DRONFIELD Olympic volunteer Charlie Last is coming to grips with his role and responsibilities as a Games Maker with the event’s media centre.
So far his latest up-dates for the Derbyshire Times’ website have outlined his experiences with fellow volunteers, a gruelling commute and reflections on the Olympic spirit.
Today, July 30, Charlie who is based in digs in East London and who we has dubbed himself Our Man in Stratford has defined his work for our readers to consider.
He told the Derbyshire Times during his latest web blog: “Thought you might be interested in the role I have at the Olympics, where I’m based and the process involved getting to where I am now.
“My job title is Media Transport Desk Team Member. My role and that of my fellow team members is to help the media with any queries they may have about their transport needs during the Olympics.
“Most of the numbers involved in the Olympics are staggering. Some are in this piece, including the statistic that out of 70,000 Games Maker Olympic volunteers, 22,000 are directly involved in transport.
“For the Media to cover the Olympics effectively, a transport system is supplied covering the Olympic Park venues including Olympic London Venues like Hampton Court for the cycling time trial and Olympic co-city venues like Old Trafford stadium, Manchester, for the football.
“There are two locations for the media based in the North West corner of the Olympic Park in Stratford, East London. The International Broadcast Centre and the Main Press Centre. From here, the Media are provided with the facilities, services and information to enable them to report on the Games to an estimated worldwide audience of a staggering 4bn people.
“The building is vast. I understand that three 747 aircraft could fit in easily. So finding my way around is a task in itself.
“Media is the general term used for both press and broadcast. Press is the general term used to describe written press and photographers. Broadcast is the general term used to describe television and radio organisations.
“20,000 broadcasters are located in the IBC (studios and temporary games time facilities) and 5,800 press, photographers have access to the MPC.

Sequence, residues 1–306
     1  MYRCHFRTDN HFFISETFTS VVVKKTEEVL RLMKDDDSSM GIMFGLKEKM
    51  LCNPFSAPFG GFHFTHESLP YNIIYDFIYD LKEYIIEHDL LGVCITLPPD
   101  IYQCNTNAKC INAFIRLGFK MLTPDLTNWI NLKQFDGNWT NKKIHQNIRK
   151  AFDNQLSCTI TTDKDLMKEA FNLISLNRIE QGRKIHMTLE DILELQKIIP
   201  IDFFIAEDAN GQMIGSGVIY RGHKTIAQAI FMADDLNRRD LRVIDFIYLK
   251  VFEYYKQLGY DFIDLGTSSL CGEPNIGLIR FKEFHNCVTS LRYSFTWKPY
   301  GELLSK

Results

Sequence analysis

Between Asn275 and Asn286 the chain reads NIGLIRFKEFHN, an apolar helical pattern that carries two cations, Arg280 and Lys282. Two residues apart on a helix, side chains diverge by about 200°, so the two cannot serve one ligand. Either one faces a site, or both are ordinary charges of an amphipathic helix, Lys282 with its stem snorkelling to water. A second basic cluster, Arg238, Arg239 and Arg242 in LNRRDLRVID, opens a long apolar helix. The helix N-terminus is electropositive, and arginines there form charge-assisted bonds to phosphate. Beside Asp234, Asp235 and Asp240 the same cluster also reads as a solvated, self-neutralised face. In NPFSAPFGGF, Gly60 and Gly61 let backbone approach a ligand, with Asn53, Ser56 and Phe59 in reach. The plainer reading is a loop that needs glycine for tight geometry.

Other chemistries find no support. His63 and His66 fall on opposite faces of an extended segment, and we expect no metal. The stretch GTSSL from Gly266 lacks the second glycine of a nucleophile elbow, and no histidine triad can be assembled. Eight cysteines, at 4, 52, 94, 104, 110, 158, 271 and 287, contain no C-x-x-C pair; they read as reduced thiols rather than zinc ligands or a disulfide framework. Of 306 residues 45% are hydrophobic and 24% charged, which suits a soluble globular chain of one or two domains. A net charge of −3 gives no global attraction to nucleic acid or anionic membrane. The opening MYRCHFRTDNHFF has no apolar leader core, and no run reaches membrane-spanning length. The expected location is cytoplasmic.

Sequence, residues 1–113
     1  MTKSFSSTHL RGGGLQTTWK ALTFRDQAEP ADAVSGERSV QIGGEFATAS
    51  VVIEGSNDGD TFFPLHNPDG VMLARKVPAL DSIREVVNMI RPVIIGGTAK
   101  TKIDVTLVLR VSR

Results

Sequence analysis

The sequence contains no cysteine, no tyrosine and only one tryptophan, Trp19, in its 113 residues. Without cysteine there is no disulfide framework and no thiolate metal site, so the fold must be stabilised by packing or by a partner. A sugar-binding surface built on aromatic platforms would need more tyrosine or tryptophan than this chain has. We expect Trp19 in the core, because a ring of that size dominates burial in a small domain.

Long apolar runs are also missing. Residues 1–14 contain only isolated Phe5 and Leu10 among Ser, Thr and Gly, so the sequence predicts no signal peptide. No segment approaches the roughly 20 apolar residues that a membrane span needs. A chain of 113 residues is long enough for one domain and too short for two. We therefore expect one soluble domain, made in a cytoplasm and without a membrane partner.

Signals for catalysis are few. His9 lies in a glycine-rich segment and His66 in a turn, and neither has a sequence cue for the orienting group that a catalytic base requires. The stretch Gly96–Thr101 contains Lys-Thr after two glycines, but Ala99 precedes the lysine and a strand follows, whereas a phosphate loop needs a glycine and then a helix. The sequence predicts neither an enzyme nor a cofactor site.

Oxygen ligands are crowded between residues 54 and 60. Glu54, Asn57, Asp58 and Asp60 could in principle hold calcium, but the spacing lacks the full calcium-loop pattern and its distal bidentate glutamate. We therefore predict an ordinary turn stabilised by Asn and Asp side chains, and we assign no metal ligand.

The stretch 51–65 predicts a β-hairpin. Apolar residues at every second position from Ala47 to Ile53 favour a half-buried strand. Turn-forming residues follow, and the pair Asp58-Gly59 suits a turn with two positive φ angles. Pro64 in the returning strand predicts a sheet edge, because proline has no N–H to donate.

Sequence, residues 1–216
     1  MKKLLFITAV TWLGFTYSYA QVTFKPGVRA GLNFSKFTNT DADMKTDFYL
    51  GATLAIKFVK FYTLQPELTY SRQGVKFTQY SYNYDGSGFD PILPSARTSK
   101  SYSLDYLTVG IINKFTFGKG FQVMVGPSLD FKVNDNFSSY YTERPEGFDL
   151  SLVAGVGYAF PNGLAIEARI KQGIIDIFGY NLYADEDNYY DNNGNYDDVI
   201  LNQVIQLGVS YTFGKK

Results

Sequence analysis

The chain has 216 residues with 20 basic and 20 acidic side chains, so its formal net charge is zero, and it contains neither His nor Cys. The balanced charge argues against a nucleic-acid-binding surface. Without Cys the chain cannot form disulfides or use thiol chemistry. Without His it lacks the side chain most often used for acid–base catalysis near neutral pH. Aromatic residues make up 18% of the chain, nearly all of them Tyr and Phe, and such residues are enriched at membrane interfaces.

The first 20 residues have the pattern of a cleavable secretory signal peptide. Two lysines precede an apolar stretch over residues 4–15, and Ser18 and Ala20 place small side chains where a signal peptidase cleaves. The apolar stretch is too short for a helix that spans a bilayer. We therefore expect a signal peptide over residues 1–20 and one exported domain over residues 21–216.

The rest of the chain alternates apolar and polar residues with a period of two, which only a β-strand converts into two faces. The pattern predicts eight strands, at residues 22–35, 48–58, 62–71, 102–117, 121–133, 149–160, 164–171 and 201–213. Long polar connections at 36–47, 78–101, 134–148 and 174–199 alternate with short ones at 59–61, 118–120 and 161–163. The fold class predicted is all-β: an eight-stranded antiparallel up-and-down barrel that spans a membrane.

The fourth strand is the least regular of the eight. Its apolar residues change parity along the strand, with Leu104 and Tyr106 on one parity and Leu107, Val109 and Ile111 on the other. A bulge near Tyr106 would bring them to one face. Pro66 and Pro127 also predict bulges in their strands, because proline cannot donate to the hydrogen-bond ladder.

“My recruitment process started with adverts in the press, TV and radio for volunteers to apply to be Games Maker volunteers.
“An extensive on-line application was to be submitted detailing qualifications, availability, preferences and crucially, why I wanted to become a Games Maker.
“250,000 applications were submitted. This number was reduced to 100,000 that were invited for interview. Mine took place at Warwick University in Coventry, where we were given more information on what being a Games Maker entailed, and a short 15 minute interview.
“70,000 were offered roles as Games Makers – I was one of the lucky ones. We then had to attend at least three training sessions. The first was Orientation, held at Wembley Arena in February 2012. There were a staggering seven sessions of 10,000 Games Makers each held where we were given insight in a number of differing roles, our uniform and the core values of being the public face of the Olympics.
“But crucially, I think these sessions were to show us the vastness of what we were about to become involved in. To be in that audience really brought home that there were a lot of us and we were important.
“Next was Role Specific training, held at a college in Hackney in March. This is were I met some of my fellow Transport Team members. Again, the core values of service, co-operation, flexibility and team work were emphasised along with practical training for my specific role.
“Next was Venue Specific Training in June when we were given a quick tour of the Olympic Park and an in depth tour of the IBC and MPC and were shown where we would be based.
“This was also the first time I met members of my Media Transport Desk colleges, team leaders and line managers. So that was training done, so having made another trip to London to collect my uniform and accreditation, I was all ready for the Olympics to start...”
Keep an eye out on the Derbyshire Times’ website for up-dates on Charlie’s experiences and see this week’s August 2 edition of the newspaper.